For patients who hate getting shots at the doctor’s office, AstraZenaca’s FluMist nasal spray vaccination was a welcome alternative when it was approved in 2003. However, an advisory committee at the Centers for Disease Control and Prevention (CDC) just warned against using FluMist for the upcoming flu season.
The CDC committee reviewed data from previous flu seasons and compared FluMist to the standard flu shot. The data revealed that FluMist had a 46% effectiveness rate compared to the standard flu vaccine that had a 65% effectiveness rate.
The CDC’s warning against the use of FluMist is only an interim decision. If CDC Director Dr. Tom Frieden approves the committee’s decision, FluMist won’t be utilized this flu season, but that’s not the end of the road for the flu shot alternative. The committee will review all flu vaccines again next February, giving AstraZeneca time to work on FluMist’s effectiveness.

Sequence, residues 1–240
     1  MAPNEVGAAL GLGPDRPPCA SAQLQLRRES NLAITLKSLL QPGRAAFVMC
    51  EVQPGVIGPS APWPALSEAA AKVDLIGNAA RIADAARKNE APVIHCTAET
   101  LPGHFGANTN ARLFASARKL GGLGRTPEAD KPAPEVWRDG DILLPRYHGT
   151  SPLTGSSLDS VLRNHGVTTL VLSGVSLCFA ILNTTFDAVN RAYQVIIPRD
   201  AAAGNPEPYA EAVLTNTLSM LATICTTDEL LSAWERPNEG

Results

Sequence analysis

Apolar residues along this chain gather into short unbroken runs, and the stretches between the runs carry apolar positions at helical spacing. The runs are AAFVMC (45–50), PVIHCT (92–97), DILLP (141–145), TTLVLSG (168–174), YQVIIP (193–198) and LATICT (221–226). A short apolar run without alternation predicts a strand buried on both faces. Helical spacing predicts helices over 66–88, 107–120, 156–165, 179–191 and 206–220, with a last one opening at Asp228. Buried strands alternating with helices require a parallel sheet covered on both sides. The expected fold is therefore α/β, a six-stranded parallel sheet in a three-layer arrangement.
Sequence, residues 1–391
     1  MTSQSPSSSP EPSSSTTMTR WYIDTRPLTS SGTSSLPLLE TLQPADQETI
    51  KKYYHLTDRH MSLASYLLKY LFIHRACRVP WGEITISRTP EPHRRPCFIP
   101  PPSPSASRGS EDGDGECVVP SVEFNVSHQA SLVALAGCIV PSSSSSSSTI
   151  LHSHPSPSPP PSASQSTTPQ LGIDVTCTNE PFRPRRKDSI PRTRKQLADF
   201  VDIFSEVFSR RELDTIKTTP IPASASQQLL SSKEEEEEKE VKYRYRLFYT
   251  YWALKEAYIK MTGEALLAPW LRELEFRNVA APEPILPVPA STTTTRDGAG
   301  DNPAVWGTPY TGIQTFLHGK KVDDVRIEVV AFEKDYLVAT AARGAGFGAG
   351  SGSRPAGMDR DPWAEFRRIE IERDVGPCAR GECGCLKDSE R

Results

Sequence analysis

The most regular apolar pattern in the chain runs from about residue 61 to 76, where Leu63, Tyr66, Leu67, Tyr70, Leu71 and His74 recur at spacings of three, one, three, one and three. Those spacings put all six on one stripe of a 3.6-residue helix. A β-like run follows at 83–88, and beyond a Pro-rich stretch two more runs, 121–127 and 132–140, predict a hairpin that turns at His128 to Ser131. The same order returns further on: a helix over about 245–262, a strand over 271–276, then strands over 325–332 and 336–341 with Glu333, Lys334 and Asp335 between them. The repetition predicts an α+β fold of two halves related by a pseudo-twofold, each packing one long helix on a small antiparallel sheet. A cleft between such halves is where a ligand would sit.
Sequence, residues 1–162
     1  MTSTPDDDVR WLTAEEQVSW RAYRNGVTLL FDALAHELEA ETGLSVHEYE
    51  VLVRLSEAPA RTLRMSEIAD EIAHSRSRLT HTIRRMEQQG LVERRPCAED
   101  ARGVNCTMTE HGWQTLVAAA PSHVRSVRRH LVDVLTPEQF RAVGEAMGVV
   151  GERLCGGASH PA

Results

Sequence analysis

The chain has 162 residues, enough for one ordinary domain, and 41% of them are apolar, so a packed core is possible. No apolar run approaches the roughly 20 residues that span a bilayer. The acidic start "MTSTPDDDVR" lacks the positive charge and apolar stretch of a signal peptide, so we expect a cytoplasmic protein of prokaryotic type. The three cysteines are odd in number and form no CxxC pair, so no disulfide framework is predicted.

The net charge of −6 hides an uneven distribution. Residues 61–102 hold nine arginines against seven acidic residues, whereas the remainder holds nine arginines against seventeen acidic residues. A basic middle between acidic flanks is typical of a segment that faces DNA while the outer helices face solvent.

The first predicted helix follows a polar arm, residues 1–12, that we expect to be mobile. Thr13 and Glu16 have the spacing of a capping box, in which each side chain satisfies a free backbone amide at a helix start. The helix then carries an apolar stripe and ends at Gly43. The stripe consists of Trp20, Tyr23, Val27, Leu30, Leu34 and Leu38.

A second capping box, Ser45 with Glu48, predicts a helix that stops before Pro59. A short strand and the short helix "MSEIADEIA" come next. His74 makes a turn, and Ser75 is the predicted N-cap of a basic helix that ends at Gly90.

This isn’t the first time pharmaceutical giant AstraZeneca has run into problems with the efficacy of its medications. The company has been facing scrutiny over its popular heartburn medication Nexium. Nexium is part of a class of drugs called Proton Pump Inhibitors (PPIs) that work to reduce stomach acid.
This past April, a study published in the Journal of The American Society of Nephology found patients who use PPIs had a 28% higher risk of developing chronic kidney disease over patients who take other types of heartburn medications.
But chronic kidney disease isn’t the only side effect Nexium patients have to watch out for. Another study published in the International Journal of Rheumatic Diseases found patients who take PPIs also have a higher risk of developing osteoporosis, when bones become weak and brittle.
Trouble with the FluMist vaccine and Nexium will have huge financial consequences for pharmaceutical manufacturer AstraZeneca. According to the CDC, FluMist accounted for nearly one-third of all flu vaccines given to children last year and Nexium brings in over $5 billion in sales each year.